Comparing Control Strategies

In my last blog, I listed all the different fan control strategies.  From the very simple ,(on at night — off during the day), to the ultimate controller that required moisture cables.  But how much different are they?  Is the extra complexity and moisture cables worth it?

I think we all can agree that the water balance (water in/out) is the most accurate means of measuring whether of not we are drying or wetting, and by how much.  And sure it is great for turning the fan off, but it totally lacks in figuring out when to turn the fan on.

OK let’s compare control methods.  If we only want to control for ‘drying’ i.e. turn the fan on only when we have drying conditions, then we can easily use the water balance as a basis.  But let’s have another look at this; with water balance we are calculating the absolute humidity of the water going into the bin and the absolute humidity of the water coming out.  How different is that from our EMC method in which we input the MC and grain T to get a RH that can easily be converted to an absolute humidity.  In other words grain sitting in a bin will try to produce a specific RH with a given MC and T.  And with T and RH we can easily calculate the absolute humidity.  Now if the outside air has an absolute humidity that is less than the air in the bin’s absolute humidity we will get drying.

Let’s go through this again.  The fan is off and has been off for some time, at least an hour.  Therefore we can use EMC — everything must be in equilibrium. So we plug the grain T and MC into the appropriate EMC equation and get an RH.  From this RH and grain T we calculate the absolute humidity — the number of grams of water in one cubic meter.  Or perhaps we have a moisture cable and have the RH of the air directly.  Either way we end up with the absolute humidity.  And if this absolute humidity is greater than the absolute humidity of the outside air then we have a drying condition and a means to turn the fan on. Now this works out really well, because to use this the fan must be off, and for some time for things to equalize.  Once the fan is on, we start using the water balance criteria of more water coming out than going in to make a decision to turn the fan off.  This works out really neat:  the EMC technique does not work in flowing air, but is great for no flow; whereas the water balance does not work in no flow conditions but is great for flowing.  Therefore use EMC to turn the fan on, and water balance to turn it off.  The two techniques complement each other and are actually using the same thing as a decision criteria — the absolute humidity of the air inside and outside the bin.  There is no point in suggesting that one is better than the other, they in essence are the same.

The method in which we use temp difference is another story.  With temp difference, we only turn the fan on if the grain temp > outside air temp.  We know that the MC of the grain and the RH of the outside air are not used in this.  I did a correlation with the temp diff and water balance on some data we did where the fan ran continuously.  The R^2 value was  0.64 but what does that really mean?   How much better would this temp diff technique be if we did include the RH in some fashion.  Surely the RH does have some effect?  If it is raining outside with an RH of 100%, one in inclined to think we will not be drying?  I don’t care if the temp of the air is less than that of the grain.??  Can we look into this a bit more?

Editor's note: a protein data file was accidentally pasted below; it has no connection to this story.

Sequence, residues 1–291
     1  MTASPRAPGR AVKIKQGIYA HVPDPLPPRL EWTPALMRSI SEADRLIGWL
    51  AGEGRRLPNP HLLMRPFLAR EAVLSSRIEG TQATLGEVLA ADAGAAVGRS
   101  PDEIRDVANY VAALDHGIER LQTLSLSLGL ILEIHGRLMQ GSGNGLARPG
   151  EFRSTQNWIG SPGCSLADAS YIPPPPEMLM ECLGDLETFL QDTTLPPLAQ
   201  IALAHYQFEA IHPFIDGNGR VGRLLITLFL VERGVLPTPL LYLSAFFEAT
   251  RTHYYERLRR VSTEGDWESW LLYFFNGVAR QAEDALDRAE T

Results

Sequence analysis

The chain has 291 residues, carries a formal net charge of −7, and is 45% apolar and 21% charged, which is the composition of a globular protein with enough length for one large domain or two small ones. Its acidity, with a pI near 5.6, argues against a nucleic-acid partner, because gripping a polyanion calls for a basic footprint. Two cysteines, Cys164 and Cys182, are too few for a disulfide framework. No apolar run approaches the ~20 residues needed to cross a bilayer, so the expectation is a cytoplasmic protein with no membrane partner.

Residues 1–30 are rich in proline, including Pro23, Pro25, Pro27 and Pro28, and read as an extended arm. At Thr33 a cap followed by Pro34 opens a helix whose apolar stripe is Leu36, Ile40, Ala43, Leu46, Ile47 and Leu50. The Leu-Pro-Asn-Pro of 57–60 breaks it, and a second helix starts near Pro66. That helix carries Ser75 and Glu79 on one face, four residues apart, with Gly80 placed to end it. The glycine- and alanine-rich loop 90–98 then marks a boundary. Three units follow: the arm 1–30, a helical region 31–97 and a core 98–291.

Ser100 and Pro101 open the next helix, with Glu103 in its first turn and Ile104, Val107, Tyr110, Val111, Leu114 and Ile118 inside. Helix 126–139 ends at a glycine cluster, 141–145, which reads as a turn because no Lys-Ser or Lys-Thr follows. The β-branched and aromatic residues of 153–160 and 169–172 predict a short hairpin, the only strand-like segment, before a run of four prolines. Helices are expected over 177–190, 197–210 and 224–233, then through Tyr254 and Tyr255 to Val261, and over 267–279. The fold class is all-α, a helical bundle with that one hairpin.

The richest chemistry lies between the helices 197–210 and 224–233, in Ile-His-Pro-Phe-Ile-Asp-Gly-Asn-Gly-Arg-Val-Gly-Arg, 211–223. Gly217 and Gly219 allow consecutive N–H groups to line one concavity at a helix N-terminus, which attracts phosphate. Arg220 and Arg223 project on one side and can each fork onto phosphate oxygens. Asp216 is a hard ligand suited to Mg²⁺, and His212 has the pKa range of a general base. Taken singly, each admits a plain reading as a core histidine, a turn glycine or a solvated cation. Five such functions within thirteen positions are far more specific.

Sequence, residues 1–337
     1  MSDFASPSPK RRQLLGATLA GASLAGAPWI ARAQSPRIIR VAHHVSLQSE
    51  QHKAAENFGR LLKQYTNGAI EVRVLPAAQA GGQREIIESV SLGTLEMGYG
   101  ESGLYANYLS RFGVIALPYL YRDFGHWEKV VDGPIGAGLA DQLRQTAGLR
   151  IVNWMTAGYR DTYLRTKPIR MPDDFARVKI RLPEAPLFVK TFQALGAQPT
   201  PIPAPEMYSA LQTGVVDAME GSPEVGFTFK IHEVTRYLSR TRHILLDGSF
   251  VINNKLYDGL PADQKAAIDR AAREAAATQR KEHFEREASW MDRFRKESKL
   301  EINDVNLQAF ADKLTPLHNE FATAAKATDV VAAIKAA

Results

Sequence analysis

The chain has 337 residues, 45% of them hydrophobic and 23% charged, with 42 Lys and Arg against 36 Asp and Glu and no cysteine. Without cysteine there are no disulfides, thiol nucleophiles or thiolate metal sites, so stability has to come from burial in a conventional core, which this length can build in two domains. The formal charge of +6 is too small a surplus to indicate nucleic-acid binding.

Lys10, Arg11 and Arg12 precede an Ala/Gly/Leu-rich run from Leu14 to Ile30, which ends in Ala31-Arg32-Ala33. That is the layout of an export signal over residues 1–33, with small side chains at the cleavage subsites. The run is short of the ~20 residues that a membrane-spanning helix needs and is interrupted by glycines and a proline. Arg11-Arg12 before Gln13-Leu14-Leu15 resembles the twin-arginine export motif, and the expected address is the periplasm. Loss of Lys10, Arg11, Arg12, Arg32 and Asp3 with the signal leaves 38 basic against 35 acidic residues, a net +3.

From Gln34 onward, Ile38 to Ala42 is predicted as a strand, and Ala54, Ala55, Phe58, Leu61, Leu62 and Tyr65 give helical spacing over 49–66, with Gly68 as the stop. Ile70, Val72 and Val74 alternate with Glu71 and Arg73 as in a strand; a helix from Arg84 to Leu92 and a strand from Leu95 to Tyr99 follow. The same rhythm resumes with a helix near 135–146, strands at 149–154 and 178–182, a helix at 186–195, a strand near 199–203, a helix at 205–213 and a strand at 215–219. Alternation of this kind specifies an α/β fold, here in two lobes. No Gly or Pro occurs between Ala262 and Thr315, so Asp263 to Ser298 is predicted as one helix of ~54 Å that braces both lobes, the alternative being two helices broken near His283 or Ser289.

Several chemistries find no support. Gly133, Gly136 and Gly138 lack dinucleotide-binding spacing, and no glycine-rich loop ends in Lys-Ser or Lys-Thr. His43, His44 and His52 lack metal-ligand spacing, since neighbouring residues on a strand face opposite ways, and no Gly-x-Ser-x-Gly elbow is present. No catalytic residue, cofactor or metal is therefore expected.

Here is what I did.  I took some old data from master_2015B file, sheet 08 09W which means it was from 2008, bin 9, wheat.  The run was for 288 hours with the fan running continuously.   I did the water balance calculation for each hour and determined how much drying occurred for each hour.   I then applied the temp difference calculation ( assume drying ~ grain Temp – air Temp)  As stated previously I did a correlation with what I consider to be the correct drying, the water balance, and got 0.64.  I also saw that if I used Tdiff as the control strategy there would be 12 hours out of the 288 in which Tdiff would wet the grain.  And if you qualify it with only turning the fan on when RH < 80%, then we are reduced to 6 hours of wetting.  If we further qualify Tdiff with an offset of 2.  Tg-Tair>2 or Tair + 2 < Tgrain, then we only have one hour of slight wetting (this includes RH<80%).

To summarize we got wetting:

1/288   offset of 2   RHair < 80%

6/288  offset 0    RHair < 80%

12/288  offset 0  RHair < 100%

If we used the Tdiff control with offset of 2 and RH < 80% we essentially won’t get any wetting, BUT we will miss out on some drying opportunities.  There are 29 hours in which Tdiff would have turned the fans off when indeed there was some drying and possibly a little warming of the grain.

We are starting to nit-pick here a bit.  The Tdiff is so simple, easy to understand, easy to implement with no heavy duty calculations, and no need for MC or moisture cables. Tdiff will take a little bit longer to get the grain dry, but it will just as cold and safe.  For simplicity we are giving up some drying opportunities.  What do we want?  Perfection or Simplicity?

I personally would like to go with the moisture cables and have the whole process automated with the ultimate controller; but I can certainly understand and appreciate those that would lean toward the simpler system — they have temperature cables and don’t want to purchase moisture cables — no problem, we still have something for you that works well.

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